California is home to 53 members of Congress, far more than any other state in the union. Thanks to a decennial redistricting that favored Democrats–and to the state’s relatively new election rules that junk traditional party primaries for a “top two” system, there are many interesting House races to watch. With the June 3 primary election less than two weeks away, there are four races of particular interest.
U.S. House: CA-7 – Sacramento Area
In 2012, Democrat Ami Beri narrowly defeated incumbent Republican Dan Lungren. There has been a very high-profile contest between Republicans for the opportunity to retire Beri. Most of this battle has played out between former Rep. Doug Ose, and Igor Birman, former Chief of Staff to neighboring Rep. Tom McClintock. (R).
Ose sits somewhat left of even the GOP establishment. While in Congress he was a leader of the moderate Main Street Partnership. He would be a reliable vote for a GOP Speaker, but not for advancing a conservative policy agenda. Ose spent a staggering amount of personal wealth to try and best Tom McClintock for a different open seat a few years ago, but was solidly trounced.
Birman runs as the solid conservative in the race. His life experiences as a refugee from the former Soviet Union shape his strong ideology. Birman goes into the primary with iconic support from both Ron and Rand Paul, and groups like Freedomworks and Gun Owners of America. He won’t have the big bucks of Ose, but has raised a respectable sum, and he will have a stronger ground game.
A third candidate, Elizabeth Emken, has run a low-key campaign, hoping that an Ose-Birman war would be her ticket.
Ose’s deep pockets are offset by a very low turnout, making this a toss-up.
U.S. House: CA-17 – South San Francisco Bay Area
This analysis is offered by Adelle Nazarian, Associate Editor for Breitbart CA.
Democrats Mike Honda and Ro Khanna will likely take their party’s infighting into November, thanks to the “jungle primary” system. Republican dark-horse candidate Vanila Singh, who polled in second in February–head of Khanna but behind Honda–could have a surprise up her sleeve. Khanna, worried about Singh, has been accused of recruiting his alternate GOP candidates to split the Republican vote.
U.S. House: CA-25 – Northern Los Angeles and East Ventura County
After serving a generation in Congress, Buck McKeon is calling it quits. But like all good politicians, he is trying to hand off his seat to a chosen successor, former State Senator Tony Strickland. Strickland had been raising funds in a neighboring district (in which he lives) for a run against freshman Democrat Julia Brownley, who had defeated him in 2012. Predictably Strickland (and his cash) leaped into the race for the much more Republican-friendly McKeon seat. Strickand enjoys the backing of Mitt Romney and House Majority Whip Kevin McCarthy.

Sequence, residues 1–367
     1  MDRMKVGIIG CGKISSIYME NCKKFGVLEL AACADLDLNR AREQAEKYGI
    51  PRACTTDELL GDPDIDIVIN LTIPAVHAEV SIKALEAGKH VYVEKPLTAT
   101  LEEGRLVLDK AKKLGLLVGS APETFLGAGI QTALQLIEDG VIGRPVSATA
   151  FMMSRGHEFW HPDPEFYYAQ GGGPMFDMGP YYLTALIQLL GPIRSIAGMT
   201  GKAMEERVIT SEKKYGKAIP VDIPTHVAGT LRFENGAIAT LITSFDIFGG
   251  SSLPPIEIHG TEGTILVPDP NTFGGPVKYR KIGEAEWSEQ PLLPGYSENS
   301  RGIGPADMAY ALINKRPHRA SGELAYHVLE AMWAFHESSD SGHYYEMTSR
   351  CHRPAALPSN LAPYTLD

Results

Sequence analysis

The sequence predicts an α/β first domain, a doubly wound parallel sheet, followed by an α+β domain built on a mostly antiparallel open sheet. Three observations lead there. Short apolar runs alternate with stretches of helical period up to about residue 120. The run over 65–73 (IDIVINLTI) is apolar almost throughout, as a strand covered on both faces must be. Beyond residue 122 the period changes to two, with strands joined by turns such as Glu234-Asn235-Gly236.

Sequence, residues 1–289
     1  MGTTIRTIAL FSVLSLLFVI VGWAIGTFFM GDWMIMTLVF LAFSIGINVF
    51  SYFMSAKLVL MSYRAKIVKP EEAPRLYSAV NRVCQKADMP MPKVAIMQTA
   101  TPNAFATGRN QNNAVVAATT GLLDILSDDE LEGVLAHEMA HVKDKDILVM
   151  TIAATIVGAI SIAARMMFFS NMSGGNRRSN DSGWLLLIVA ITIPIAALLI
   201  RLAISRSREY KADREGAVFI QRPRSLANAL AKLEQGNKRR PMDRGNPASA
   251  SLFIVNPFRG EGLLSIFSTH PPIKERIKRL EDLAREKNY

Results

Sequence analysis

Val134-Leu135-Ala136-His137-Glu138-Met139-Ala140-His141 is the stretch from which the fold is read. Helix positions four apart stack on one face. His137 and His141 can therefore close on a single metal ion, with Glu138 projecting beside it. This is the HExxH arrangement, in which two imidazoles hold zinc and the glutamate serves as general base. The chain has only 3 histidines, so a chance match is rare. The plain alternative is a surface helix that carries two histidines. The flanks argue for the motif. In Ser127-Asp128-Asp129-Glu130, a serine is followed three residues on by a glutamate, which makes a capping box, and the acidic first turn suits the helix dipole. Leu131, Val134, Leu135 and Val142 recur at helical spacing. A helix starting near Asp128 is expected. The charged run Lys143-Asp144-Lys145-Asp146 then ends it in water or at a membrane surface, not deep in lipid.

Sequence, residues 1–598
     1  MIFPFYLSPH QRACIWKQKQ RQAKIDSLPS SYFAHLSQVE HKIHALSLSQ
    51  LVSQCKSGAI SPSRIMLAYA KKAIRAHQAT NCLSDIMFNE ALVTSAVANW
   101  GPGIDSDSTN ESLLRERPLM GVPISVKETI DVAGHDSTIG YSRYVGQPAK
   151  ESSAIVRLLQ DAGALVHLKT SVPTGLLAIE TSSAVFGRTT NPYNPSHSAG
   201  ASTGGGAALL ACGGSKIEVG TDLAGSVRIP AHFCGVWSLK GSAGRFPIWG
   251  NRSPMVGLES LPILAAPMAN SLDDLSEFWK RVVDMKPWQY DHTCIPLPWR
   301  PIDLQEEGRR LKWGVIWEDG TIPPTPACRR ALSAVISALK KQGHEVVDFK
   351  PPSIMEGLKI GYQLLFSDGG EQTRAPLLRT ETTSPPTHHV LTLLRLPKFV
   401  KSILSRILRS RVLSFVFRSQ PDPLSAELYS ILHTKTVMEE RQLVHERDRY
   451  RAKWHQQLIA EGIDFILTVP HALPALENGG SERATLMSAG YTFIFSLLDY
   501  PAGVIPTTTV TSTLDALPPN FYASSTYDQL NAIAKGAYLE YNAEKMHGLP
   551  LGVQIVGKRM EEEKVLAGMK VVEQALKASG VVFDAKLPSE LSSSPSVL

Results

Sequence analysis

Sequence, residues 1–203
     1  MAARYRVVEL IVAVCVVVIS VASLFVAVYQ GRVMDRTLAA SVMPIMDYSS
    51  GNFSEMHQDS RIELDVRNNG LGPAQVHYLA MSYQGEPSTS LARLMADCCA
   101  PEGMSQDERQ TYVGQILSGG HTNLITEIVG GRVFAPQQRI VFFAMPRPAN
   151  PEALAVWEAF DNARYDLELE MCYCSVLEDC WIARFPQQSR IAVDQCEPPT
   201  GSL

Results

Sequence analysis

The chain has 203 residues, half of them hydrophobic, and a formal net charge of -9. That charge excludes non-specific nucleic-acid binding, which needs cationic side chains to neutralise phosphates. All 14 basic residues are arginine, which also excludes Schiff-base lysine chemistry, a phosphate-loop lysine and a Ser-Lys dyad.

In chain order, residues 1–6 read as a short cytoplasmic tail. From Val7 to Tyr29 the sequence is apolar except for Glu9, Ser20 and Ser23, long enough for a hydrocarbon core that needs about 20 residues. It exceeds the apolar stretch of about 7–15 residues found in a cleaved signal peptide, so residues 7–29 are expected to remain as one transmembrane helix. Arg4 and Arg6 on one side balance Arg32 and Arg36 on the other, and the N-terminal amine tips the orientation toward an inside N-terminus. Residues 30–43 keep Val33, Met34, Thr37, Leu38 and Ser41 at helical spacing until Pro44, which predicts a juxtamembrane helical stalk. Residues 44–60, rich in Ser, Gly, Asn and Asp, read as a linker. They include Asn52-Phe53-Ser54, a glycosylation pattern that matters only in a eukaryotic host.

Standing between Strickland and his oath of office is popular conservative State Senator Steve Knight. Knight is a former city councilman from Palmdale, and the son of former Air Force Test Pilot Pete Knight, who served that whole area for many years in the State Legislature himself. With the exception of McKeon, virtually all of the community and political support in the district is with Knight, who was recently endorsed by retired U.S. Rep. Elton Gallegly, a popular figure in the Ventura County portion of the district.
Strickland is a prolific fundraiser. But will all of his campaign spending be able to match a generation of good will towards Knight? One thing is certain: very low turnout will work to Knight’s advantage, after he raised enough money to communicate with high-propensity Republican voters. This one is way too close to call.
U.S. House: CA-33 – West Los Angeles County
This analysis is offered by Joel B. Pollak, Editor-in-Chief of Breitbart California.
The race to replace Henry Waxman has attracted attention because of its colorful cast of 18 characters–including a spiritual guru, a UN genocide prosecutor, a movie producer, two leading members of the Democratic Party establishment, and a few gadflies. After June 3, however, it may attract attention for another reason: the heavily-Democratic 33rd may “fail” to nominate any Democrats to compete in the November runoff.
That’s because the leading fundraiser, independent Marianne Williamson, has also inspired the enthusiastic participation of an army of left-wing activists whose evident disillusionment with the cult of Barack Obama has not diminished their love of utopian politics. They are, essentially, Democrats–Williamson’s platform is “on message” with Harry Reid’s push for campaign finance reform, for example–but they are reveling in the authenticity of Williamson’s grass-roots effort.
The ten Democrats on the ballot will largely split the party vote, while Republican Elan Carr–the strongest of the three GOP candidates and the first candidates of any party to advertise on TV–stands a chance of scooping up enough Republican voters to finish second, at least. Carr is not playing up his party identity, though. The likely message on June 3: a rebuke of both major political parties, and the emergence of a well-heeled radical gentry as the left’s Tea Party.
Jon Fleischman is the Politics Editor of Breitbart California. A longtime participant, observer and chronicler of California politics, Jon is also the publisher at www.flashreport.org. His column appears weekly on this page. You can reach Jon at firstname.lastname@example.org.